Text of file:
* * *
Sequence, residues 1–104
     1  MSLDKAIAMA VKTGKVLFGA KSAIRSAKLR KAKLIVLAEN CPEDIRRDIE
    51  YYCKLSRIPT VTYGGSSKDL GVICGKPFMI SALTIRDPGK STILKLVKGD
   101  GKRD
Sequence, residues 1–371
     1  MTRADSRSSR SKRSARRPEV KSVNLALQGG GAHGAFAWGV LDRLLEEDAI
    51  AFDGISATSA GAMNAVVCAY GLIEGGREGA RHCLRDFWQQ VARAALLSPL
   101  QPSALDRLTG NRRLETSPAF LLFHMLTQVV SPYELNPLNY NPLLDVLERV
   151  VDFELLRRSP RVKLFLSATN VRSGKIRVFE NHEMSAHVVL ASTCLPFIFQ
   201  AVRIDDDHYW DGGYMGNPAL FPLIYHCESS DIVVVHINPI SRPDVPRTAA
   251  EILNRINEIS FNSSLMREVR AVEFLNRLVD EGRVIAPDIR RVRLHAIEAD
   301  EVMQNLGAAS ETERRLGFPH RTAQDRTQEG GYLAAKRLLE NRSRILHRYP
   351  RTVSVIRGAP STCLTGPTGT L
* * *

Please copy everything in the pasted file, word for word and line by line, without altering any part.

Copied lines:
Sequence, residues 1–104
     1  MSLDKAIAMA VKTGKVLFGA KSAIRSAKLR KAKLIVLAEN CPEDIRRDIE
    51  YYCKLSRIPT VTYGGSSKDL GVICGKPFMI SALTIRDPGK STILKLVKGD
   101  GKRD
Sequence, residues 1–371
     1  MTRADSRSSR SKRSARRPEV KSVNLALQGG GAHGAFAWGV LDRLLEEDAI
    51  AFDGISATSA GAMNAVVCAY GLIEGGREGA RHCLRDFWQQ VARAALLSPL
   101  QPSALDRLTG NRRLETSPAF LLFHMLTQVV SPYELNPLNY NPLLDVLERV
   151  VDFELLRRSP RVKLFLSATN VRSGKIRVFE NHEMSAHVVL ASTCLPFIFQ
   201  AVRIDDDHYW DGGYMGNPAL FPLIYHCESS DIVVVHINPI SRPDVPRTAA
   251  EILNRINEIS FNSSLMREVR AVEFLNRLVD EGRVIAPDIR RVRLHAIEAD
   301  EVMQNLGAAS ETERRLGFPH RTAQDRTQEG GYLAAKRLLE NRSRILHRYP
   351  RTVSVIRGAP STCLTGPTGT L